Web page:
Columbia Journalism Review‘s Chris Ip has done a major service for the American public sphere with his report on Pope Francis. Interviewing John Allen, Jr., Inés San Martin, and yours truly, he has put together an article that criticizes the way that American journalists have been reporting on the Vatican, while also remaining sympathetic to the particular tendencies of the American public.
Here’s what I told him:
The media’s tendency to make all religious statements political comes from the heart of American political culture. The US media interprets the pope according to an “American protestant narrative,” where religion is read in terms of what it means for politics, said Justin Tse, a University of Washington scholar on religion and public life. “The question people are asking is, ‘Is the Catholic Church promoting or inhibiting democracy?’” said Tse. “It’s a good question, but when that’s the only question on the table, then you start to twist narratives to fit the agenda.”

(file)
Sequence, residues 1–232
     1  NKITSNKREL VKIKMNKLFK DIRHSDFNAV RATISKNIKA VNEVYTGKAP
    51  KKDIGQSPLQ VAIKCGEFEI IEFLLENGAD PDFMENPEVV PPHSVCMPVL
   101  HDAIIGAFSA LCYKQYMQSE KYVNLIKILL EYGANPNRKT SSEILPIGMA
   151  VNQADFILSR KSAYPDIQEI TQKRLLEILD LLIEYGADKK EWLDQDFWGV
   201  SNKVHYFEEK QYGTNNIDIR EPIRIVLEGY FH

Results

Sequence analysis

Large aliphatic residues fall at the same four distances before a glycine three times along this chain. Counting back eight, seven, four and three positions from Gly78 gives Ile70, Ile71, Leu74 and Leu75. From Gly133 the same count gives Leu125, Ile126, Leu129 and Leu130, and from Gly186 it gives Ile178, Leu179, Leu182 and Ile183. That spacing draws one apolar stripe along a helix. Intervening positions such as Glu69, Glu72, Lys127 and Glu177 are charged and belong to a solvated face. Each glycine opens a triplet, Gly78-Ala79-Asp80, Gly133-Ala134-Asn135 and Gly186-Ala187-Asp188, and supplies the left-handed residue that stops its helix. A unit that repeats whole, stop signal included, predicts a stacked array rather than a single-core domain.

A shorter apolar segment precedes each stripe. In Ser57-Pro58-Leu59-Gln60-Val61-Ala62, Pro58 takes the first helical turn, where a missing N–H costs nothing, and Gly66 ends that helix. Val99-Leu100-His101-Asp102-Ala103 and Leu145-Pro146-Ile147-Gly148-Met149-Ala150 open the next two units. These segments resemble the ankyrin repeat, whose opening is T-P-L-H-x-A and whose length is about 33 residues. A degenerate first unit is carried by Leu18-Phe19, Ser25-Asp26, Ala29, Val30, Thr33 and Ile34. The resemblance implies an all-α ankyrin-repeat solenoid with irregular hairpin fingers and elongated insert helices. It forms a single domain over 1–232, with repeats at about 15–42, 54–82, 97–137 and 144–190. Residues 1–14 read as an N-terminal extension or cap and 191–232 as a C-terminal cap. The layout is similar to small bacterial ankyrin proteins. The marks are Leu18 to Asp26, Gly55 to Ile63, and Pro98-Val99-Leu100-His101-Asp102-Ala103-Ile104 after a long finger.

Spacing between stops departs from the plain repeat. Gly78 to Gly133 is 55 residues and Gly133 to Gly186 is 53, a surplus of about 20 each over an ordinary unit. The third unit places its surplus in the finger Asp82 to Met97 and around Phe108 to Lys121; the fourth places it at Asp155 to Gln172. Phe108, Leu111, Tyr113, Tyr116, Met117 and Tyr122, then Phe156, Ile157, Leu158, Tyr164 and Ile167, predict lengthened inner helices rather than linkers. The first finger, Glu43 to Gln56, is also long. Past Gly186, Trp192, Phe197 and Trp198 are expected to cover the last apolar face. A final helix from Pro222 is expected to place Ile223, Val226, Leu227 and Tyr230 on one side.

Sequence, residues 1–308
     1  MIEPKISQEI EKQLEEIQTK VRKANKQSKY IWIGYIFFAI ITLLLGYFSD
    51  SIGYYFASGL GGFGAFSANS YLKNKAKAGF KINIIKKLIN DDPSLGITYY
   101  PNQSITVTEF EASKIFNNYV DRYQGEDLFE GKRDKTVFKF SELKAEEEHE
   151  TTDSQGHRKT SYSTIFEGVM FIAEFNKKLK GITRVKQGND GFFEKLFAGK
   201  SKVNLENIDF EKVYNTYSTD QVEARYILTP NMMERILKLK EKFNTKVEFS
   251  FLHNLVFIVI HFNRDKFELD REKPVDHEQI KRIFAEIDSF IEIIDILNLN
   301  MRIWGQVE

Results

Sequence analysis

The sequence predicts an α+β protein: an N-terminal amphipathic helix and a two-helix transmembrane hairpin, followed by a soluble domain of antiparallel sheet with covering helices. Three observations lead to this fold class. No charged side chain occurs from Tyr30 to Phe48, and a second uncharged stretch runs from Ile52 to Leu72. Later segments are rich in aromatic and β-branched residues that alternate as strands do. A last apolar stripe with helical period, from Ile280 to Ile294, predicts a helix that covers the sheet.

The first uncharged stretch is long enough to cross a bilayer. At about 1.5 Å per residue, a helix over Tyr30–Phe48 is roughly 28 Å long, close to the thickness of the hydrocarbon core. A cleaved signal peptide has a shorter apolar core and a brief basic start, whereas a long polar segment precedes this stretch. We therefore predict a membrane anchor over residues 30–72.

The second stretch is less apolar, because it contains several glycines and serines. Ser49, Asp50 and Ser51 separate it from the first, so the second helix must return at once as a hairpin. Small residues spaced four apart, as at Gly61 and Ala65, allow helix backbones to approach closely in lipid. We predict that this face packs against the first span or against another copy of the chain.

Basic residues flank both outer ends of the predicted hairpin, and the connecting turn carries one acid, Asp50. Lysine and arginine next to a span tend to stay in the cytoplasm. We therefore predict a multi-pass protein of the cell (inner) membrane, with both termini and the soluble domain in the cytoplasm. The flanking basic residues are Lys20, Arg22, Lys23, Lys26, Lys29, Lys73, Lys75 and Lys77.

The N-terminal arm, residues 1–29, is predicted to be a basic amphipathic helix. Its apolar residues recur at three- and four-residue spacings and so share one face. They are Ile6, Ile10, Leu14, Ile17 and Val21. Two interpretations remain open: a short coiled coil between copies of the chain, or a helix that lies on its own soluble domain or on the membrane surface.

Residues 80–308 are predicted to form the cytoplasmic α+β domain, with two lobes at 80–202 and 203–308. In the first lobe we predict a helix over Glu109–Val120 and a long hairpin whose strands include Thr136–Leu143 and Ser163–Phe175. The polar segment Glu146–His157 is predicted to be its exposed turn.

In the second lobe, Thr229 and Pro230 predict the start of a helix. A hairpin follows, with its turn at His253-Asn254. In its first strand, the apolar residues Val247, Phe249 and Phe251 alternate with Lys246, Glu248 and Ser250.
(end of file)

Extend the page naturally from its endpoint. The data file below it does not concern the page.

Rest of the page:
You’ll see that I’ve drawn from figures like Tocqueville, Bellah, Marty, Wuthnow, Warner, and Wellman to construct that answer.
I’m very thankful to Chris for taking the time to write such a fine report. I’m hoping that this is the beginning of a much longer and very fruitful conversation.
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